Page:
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Honda S2000 Roadster review

1999 - 2009 (change model)
Parkers overall rating: 4 out of 54.0
” The sporting roadster that thrives on revs and excitement “

At a glance

Price new £27,730 - £28,686
Used prices £4,987 - £13,770
Road tax cost £325 - £675
Insurance group 40 - 44
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Fuel economy Not tested to latest standards
Range 308 miles
View full specs for a specific version

Available fuel types


Pros & cons

  • Good looks and well-engineered
  • Hugely impressive engine
  • Great fun to drive
  • Engine has to be worked hard
  • Can be unpredictable in the wet
  • Noisy on the motorway

Written by Richard Kilpatrick Published: 2 March 2021 Updated: 13 October 2021


The S2000 is the car that Honda built to celebrate its 50th birthday, and it compared well to more expensive alternatives such as the Porsche Boxster in terms of performance and driving enjoyment.

As a used buy, the values have swapped places, and now the S2000’s rarity means it’s considerably more expensive than a Porsche Boxster of the same age. Its abilities and appeal remain the same, but is it harder to justify as a used roadster now it’s becoming a modern classic?

Is the Honda S2000 a good used buy?

It’s powered by a superb 2.0-litre VTEC engine which provides stunning performance without using a turbocharger, and in true Honda fashion has proven to be incredibly reliable. It does need to be worked very hard though in order to tap into the maximum performance, which can make for a tiring, albeit involving, driving experience.

The handling is superb thanks to sharp steering and immense grip, however it can be unpredictable when pushed too hard – particularly in the wet.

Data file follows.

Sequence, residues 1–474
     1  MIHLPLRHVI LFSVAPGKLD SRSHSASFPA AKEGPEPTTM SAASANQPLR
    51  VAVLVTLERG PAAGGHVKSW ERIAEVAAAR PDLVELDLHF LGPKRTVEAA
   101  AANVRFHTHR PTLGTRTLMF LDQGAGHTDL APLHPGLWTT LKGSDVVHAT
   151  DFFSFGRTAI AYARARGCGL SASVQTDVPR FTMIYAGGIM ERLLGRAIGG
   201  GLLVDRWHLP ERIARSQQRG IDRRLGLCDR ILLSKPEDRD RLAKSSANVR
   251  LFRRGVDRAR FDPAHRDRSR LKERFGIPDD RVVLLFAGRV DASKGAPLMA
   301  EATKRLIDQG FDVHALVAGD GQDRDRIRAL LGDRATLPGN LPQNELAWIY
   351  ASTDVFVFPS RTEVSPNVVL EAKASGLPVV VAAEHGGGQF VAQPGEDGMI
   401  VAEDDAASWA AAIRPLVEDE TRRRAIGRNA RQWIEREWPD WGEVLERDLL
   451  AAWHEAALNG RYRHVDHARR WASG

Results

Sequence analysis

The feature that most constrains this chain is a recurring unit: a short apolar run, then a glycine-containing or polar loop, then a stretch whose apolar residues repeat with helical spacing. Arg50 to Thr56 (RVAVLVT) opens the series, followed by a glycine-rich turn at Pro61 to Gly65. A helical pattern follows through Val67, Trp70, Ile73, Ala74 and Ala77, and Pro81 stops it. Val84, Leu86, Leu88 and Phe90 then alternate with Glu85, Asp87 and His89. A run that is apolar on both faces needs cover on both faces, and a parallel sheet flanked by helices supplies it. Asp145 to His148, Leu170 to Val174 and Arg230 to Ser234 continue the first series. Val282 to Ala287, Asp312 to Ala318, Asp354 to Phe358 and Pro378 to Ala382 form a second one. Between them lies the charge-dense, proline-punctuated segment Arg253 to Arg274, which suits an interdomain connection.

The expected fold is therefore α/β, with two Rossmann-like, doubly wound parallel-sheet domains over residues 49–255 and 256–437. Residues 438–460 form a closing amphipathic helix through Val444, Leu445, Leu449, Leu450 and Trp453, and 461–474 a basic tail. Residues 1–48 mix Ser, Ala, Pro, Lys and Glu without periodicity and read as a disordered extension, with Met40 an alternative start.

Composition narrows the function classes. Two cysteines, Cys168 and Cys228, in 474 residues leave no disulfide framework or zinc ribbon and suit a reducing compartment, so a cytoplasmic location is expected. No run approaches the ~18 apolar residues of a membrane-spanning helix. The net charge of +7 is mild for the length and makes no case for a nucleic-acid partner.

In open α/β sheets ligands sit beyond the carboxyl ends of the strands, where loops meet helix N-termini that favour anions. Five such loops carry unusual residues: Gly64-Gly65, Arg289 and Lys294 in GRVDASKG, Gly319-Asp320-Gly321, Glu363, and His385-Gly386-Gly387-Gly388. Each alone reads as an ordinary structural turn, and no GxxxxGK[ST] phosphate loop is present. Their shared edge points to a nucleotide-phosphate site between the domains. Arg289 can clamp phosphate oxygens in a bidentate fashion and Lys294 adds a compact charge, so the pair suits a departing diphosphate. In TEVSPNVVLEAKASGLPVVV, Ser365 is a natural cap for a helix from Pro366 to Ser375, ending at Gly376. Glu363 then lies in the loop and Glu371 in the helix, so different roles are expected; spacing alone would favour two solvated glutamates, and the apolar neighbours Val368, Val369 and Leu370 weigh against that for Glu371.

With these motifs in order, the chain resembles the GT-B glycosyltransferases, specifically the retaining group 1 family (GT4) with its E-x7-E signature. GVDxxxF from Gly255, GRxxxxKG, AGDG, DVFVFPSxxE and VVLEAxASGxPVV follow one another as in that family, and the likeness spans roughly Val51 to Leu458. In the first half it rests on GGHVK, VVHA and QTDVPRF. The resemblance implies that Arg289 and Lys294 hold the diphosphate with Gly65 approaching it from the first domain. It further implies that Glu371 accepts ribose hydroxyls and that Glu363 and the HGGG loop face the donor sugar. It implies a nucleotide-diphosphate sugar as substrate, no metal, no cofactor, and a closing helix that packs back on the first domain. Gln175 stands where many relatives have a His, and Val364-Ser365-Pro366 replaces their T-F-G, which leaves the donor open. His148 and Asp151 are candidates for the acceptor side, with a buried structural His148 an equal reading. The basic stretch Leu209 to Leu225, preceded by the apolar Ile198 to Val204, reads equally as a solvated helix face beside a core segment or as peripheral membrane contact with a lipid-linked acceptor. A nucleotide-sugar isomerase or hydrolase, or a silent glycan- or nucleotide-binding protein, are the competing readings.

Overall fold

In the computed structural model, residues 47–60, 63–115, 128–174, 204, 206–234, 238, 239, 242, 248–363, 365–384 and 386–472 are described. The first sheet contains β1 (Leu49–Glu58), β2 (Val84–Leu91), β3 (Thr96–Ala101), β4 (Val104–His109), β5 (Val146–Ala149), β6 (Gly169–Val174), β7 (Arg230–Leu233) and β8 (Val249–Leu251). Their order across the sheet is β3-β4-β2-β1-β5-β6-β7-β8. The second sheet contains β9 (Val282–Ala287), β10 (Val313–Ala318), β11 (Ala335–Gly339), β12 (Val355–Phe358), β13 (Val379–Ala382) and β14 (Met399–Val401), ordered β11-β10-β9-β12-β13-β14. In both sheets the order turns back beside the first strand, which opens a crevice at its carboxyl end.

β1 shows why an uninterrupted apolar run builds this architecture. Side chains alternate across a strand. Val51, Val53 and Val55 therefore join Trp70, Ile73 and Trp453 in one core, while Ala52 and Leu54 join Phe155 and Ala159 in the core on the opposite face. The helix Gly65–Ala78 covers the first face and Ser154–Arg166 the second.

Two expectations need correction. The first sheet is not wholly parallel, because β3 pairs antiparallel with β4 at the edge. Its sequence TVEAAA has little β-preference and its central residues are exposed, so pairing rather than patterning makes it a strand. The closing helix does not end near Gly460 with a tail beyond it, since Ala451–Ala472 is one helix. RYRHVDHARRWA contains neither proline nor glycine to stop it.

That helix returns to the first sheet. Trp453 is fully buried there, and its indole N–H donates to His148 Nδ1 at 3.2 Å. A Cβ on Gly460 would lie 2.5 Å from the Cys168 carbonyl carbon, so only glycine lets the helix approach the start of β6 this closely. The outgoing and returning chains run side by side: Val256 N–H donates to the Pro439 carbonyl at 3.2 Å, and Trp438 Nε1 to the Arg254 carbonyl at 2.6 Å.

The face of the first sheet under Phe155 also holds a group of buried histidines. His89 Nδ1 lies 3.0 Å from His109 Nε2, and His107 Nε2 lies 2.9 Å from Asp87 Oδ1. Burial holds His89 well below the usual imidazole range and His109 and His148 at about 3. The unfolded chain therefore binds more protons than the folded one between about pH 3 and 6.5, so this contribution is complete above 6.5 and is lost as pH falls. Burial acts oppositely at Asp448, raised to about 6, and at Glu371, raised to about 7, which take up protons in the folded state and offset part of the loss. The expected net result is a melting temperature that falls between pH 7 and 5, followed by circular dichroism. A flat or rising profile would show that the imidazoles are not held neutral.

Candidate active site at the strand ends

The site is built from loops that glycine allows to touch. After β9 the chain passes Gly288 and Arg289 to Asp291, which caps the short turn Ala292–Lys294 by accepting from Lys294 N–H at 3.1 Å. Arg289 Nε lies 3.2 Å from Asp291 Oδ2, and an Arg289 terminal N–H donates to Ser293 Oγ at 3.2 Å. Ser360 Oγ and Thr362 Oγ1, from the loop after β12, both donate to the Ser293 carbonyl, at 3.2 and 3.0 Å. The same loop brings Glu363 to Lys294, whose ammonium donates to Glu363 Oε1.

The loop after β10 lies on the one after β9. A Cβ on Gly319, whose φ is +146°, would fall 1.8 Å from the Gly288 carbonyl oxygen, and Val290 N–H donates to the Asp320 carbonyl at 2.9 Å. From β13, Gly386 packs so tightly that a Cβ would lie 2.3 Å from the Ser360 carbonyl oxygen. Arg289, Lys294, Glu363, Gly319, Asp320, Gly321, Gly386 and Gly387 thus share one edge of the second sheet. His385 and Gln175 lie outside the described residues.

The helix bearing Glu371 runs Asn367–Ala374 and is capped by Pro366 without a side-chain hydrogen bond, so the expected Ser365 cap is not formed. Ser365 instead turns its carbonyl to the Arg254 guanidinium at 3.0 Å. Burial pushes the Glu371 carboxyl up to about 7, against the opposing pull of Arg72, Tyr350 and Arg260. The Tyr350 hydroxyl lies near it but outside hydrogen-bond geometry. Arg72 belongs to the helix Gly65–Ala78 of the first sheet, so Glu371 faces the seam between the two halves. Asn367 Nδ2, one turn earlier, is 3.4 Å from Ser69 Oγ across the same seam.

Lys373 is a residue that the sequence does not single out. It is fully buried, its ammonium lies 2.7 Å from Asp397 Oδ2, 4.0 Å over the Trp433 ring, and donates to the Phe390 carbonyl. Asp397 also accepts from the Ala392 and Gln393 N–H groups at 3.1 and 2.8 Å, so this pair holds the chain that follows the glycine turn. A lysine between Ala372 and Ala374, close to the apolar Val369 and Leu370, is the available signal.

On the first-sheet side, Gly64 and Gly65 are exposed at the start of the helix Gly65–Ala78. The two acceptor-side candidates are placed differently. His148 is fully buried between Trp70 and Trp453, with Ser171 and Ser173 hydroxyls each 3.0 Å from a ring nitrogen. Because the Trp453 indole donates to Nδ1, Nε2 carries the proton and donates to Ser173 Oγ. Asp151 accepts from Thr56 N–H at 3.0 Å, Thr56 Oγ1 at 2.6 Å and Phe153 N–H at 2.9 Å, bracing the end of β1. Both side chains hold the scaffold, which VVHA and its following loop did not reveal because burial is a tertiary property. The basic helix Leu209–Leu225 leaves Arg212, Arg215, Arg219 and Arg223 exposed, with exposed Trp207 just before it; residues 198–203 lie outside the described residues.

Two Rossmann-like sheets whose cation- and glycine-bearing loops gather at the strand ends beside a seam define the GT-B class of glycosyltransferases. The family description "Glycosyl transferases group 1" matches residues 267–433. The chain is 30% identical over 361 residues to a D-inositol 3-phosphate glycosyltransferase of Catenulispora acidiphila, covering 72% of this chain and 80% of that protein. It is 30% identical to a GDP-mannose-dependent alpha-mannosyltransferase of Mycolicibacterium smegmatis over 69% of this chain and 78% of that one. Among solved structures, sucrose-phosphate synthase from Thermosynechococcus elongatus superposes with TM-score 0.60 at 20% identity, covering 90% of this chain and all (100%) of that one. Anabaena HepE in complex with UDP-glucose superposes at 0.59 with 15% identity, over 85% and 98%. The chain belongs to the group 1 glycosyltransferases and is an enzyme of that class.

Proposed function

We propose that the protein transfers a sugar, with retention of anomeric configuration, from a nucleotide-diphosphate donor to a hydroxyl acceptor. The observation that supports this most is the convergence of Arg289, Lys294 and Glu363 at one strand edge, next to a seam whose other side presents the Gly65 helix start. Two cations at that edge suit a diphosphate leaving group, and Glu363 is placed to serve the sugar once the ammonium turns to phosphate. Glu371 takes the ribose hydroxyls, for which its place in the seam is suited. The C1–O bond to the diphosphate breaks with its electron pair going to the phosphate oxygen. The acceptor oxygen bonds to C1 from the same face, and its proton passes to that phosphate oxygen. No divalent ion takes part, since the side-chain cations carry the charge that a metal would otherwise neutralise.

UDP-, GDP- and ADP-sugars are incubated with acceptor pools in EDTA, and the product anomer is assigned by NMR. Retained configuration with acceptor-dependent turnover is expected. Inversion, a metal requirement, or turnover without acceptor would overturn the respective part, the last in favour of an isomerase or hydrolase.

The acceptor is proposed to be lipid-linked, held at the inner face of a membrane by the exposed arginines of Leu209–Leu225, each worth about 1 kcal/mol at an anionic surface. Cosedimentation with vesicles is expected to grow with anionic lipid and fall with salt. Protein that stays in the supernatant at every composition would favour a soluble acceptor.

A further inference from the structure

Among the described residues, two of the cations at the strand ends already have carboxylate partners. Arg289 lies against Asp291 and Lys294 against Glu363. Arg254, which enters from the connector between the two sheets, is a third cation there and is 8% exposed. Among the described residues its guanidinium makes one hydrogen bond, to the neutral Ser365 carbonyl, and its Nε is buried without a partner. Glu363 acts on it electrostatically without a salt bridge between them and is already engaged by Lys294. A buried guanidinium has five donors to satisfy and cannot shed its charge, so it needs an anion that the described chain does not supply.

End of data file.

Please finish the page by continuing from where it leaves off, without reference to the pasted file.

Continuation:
As with any high-performance, enthusiast roadster it requires regular expert maintenance to keep everything as Honda intended, and despite the ‘mainstream’ brand it’s more demanding than your average Japanese car.

Honda S2000 top tips

1: Oil is everything for the S2000

Even when new the S2000’s engine used oil. Honda recommend checking it at every petrol stop, which not only means wear on the bonnet catch, it also means the potential for hot readings and overfilling are greater than with most cars.

Check for a clean, dry engine bay, and clean oil between the level markings on the dipstick. As with the Mazda RX-8 of the same era, a good sign of a caring owner is a bottle of the correct grade of oil, some gloves and disposable funnels kept in the car.

2. Not all S2000s are created equal

Over a ten-year production run the Honda S2000 unwent several evolutionary changes, and for that reason we’d suggest starting with a 2002-on model. This was the first to be revised after customer feedback and it’s easily spotted by the glass rear window, but the changes are deeper and extend to revised suspension, better audio and many detail changes throughout.

After this initial refinement, the S2000’s suspension and steering were continually tweaked, ultimately becoming softer, more forgiving and less sharp, though still excellent. We would suggest test driving a 2002/3 model, and a 2006-on model, and choosing which you prefer before spending big money on an S2000.

Whichever model you go for, condition is everything – if you find a perfect 1999 example it will be better than a tired 2004, even if the back window is plastic.

Modified cars and enthusiast owners mean no two S2000s will be alike and many will not be as they left the factory, so don’t assume that a car that feels different is ‘wrong’; it may just not be tuned to your taste.

3. The S2000 can rust – and does

It’s an expensive car, but it’s still made of metal and like other Japanese cars of the era, is well made, but has much less rust protection than many European cars. The end result is the same – the arches, sills, boot floor and subframes can all rust badly while the car looks shiny on top, and you should get an independent specialist to check the car over if you’re in any doubt.

Enthusiast-owned cars may have had rust protection applied, and of course the dream is the summer use, garaged, cherished S2000. Many people share that dream, so if you want a bargain be prepared to view a lot of average cars that could be hiding serious problems behind a high asking price.

Should I buy a used Honda S2000 now?

Unusually for a car so recent, the values have already found a low point and started to recover, so if you want a Honda S2000 there’s no point waiting for them to get older and cheaper. Given the tendency to rust and need for specialist maintenance, it’s likely that the S2000 will be a niche, rare classic car by the 2040s, and either hard to find, or relatively expensive.

So yes, you should buy one now if you want one.

Read the rest of our review and buying guide for more details of what the car was like new, and what to look out for when buying one today.

Honda S2000 driving
Honda S2000 driving